Aust floods: Climate link can’t be denied

February 1, 2011 at 3:11 am 1 comment

Climate change was a big factor in the devastating floods that swept through Queensland and other states in January. For decades, scientists have warned that carbon pollution will lead to more frequent weather disasters.

The floods are yet more evidence that we must quickly phase out fossil fuels and embrace 100% renewable energy.

As the flood crisis began to emerge, University of Melbourne climate scientist David Karoly told ABC News on December 31 that the extreme weather was not so unexpected.

He said: “What we are seeing over the last 50 years and over the last 100 years is a change in this pattern of extremes with more hot and more wet extremes in northern Australia and more hot and more dry extremes in southern Australia and that pattern is exactly what we would expect from climate change due to increasing greenhouse gases in the atmosphere.”

Professor Matthew England, joint director of the Climate Change Research Centre at the University of NSW, told AAP on January 13: “Climate change has seen a warming of waters globally, and the waters north of Australia are an important part of the climate system for Australia’s monsoon rains.

“They are at their warmest ever measured and we cannot exclude climate change from contributing to this warmth.”

Despite this, mainstream politicians and media outlets have sought to deny or downplay the connection.

Queensland Premier Anna Bligh launched a commission of inquiry into the floods on January 17. She promised: “We are not going to sweep anything under the carpet.”

However, the commission’s terms of reference exclude a study of the link between the floods and climate change. Bligh has been careful to not mention climate change at all since the flood disaster began.

In part, Bligh wants to shift the public discussion away from her government’s craven support for the state’s big fossil fuel corporations.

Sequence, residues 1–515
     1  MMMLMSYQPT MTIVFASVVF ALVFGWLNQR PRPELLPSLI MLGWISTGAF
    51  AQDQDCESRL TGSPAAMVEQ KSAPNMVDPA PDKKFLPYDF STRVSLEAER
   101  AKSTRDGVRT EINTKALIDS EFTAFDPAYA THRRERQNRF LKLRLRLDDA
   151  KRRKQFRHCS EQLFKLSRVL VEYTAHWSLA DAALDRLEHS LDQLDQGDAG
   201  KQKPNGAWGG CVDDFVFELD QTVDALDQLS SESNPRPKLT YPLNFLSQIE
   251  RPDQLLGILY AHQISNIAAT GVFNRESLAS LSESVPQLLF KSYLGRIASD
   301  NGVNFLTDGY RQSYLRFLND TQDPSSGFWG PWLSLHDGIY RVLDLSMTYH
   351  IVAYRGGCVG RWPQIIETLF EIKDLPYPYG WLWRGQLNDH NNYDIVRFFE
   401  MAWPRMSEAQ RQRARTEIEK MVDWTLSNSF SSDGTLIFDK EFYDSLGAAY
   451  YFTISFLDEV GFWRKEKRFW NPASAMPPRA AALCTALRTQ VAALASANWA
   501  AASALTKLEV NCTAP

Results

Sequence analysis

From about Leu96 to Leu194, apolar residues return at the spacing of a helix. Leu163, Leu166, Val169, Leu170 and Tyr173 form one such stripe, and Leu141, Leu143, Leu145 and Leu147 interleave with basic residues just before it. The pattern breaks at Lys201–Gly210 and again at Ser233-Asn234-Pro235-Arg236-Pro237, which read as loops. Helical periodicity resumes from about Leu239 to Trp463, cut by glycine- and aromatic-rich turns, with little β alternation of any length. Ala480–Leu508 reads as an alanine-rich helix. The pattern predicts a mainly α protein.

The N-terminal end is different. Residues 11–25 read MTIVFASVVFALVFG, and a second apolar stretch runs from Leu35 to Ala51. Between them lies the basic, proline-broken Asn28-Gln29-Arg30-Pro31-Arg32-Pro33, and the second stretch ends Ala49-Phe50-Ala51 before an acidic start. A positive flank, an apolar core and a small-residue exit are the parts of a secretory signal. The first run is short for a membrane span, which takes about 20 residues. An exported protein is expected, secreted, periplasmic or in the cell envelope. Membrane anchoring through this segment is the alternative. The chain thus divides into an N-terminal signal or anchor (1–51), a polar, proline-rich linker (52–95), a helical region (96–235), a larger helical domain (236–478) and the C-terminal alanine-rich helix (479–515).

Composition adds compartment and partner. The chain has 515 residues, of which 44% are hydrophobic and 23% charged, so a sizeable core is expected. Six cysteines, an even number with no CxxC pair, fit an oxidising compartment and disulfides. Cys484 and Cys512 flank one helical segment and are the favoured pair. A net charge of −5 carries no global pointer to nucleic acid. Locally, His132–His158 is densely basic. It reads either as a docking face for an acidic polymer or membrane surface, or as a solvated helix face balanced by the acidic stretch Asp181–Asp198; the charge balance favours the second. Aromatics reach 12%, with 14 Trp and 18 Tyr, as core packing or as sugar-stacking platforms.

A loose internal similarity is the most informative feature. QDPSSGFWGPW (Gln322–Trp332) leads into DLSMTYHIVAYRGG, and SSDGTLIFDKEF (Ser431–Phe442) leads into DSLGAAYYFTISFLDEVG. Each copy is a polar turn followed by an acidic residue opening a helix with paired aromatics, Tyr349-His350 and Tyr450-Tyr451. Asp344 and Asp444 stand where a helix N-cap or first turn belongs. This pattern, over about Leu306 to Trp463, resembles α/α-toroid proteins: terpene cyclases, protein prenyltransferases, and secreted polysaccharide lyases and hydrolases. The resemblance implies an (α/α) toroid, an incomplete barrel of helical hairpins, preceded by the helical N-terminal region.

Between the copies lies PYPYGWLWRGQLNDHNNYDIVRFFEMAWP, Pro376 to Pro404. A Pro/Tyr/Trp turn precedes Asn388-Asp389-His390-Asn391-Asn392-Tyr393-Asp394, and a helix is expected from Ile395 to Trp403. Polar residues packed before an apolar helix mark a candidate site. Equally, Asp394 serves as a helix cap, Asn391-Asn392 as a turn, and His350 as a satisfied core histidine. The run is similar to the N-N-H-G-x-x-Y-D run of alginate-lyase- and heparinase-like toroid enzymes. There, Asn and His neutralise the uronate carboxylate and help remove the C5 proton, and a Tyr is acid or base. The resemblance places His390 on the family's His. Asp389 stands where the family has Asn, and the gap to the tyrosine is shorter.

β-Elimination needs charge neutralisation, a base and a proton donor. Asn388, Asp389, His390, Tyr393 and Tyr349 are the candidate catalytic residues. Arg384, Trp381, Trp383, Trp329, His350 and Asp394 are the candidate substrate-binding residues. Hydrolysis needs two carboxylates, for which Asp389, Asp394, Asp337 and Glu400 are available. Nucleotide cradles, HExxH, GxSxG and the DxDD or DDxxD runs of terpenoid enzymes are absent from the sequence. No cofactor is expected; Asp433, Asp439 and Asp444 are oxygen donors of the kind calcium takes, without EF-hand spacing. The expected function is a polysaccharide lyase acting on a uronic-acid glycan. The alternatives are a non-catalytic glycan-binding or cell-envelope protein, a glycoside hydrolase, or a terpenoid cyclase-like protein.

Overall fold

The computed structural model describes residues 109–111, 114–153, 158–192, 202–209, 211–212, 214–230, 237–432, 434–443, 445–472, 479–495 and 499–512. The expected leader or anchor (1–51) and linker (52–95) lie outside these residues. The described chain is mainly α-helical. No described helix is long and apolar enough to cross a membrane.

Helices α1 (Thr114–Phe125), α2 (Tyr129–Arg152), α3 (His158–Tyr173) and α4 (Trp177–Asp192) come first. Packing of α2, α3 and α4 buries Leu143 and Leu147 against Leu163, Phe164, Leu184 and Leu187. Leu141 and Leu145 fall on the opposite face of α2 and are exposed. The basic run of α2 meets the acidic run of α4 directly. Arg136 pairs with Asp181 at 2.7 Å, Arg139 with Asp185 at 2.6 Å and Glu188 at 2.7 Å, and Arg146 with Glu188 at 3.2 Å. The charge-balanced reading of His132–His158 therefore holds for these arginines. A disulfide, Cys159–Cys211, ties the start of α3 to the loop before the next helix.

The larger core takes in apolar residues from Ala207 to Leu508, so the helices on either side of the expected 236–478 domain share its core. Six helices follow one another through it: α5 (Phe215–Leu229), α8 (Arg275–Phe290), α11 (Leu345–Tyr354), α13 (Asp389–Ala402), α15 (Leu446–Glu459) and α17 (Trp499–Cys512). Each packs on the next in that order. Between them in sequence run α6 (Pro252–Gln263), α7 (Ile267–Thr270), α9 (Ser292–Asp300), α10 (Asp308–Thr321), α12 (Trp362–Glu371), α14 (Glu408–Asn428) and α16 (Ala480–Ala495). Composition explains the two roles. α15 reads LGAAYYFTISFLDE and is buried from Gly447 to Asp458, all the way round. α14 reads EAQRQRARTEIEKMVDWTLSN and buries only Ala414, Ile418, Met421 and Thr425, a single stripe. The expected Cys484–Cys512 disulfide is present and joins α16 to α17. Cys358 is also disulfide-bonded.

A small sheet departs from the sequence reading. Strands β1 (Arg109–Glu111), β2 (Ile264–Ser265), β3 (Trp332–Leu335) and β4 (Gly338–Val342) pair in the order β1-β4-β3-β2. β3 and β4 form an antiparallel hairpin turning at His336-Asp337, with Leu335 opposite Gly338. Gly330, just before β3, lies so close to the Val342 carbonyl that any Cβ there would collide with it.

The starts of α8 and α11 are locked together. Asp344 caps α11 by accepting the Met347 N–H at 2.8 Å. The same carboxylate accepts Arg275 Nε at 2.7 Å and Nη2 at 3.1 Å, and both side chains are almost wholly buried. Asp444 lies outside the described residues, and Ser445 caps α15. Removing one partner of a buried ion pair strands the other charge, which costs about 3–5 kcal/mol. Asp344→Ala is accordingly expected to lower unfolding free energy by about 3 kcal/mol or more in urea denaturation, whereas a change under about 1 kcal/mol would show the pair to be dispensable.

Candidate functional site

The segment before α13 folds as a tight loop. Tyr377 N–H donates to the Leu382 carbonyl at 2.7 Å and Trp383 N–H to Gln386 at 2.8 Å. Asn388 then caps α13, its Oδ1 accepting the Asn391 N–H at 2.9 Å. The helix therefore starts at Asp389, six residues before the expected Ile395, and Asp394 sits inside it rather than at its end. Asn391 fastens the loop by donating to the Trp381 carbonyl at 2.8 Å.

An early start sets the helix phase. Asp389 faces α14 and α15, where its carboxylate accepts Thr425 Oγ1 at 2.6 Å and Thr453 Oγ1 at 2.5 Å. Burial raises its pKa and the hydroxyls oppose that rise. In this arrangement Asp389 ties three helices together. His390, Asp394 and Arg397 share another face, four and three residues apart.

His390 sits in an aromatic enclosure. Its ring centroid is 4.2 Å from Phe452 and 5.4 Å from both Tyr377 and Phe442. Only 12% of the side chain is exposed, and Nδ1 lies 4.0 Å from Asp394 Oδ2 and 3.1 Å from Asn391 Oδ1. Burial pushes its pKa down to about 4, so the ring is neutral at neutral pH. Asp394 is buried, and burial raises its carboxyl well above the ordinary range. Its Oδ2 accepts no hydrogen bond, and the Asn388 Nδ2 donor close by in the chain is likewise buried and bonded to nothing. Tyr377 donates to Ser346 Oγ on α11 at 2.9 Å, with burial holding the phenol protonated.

Queensland is one of the world’s biggest coal exporters, and coalmining and coal burning is the biggest single source of greenhouse gas emissions worldwide.

Greens leader Bob Brown is right to demand the coal industry be taxed to “help pay the cost of the predicted more severe and more frequent floods, droughts and bushfires in coming decades”.

Like the tobacco companies before them, big coal should be made to pay compensation to Australians for the damage it has wreaked and the lives it has destroyed.

State and federal government subsidies to the coal industry, which amount to billions of dollars, should instead be spent on flood recovery and reconstruction. It could also help fund a transition away from coal towards renewable energy.

Unfortunately the government is taking the opposite approach to fund post-flood reconstruction. “I am abolishing, deferring and capping access to a number of carbon abatement programs,” Prime Minister Julia Gillard told the National Press Club on January 27.

While the programs were not remotely sufficient to actually reduce emissions, by cutting them and rejecting Brown’s call for the coal industry to be taxed, Gillard indicated her government still prioritises coal industry profits over stopping climate change.

Tragically, this will mean more floods and more bushfires, which make the prime minister’s words of solidarity and compassion for the victims of the latest catastrophe ring rather hollow.


Entry filed under: Floods.

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1 Comment Add your own

  • 1. Australia Weather  |  February 2, 2011 at 12:25 pm

    […] landfall, just after high tide, meant. The National Disaster Management Centre has warned that moreAustralia Weather – Massive cyclone bears down on NE Australian coast – AP – The timing of Yasi's […]


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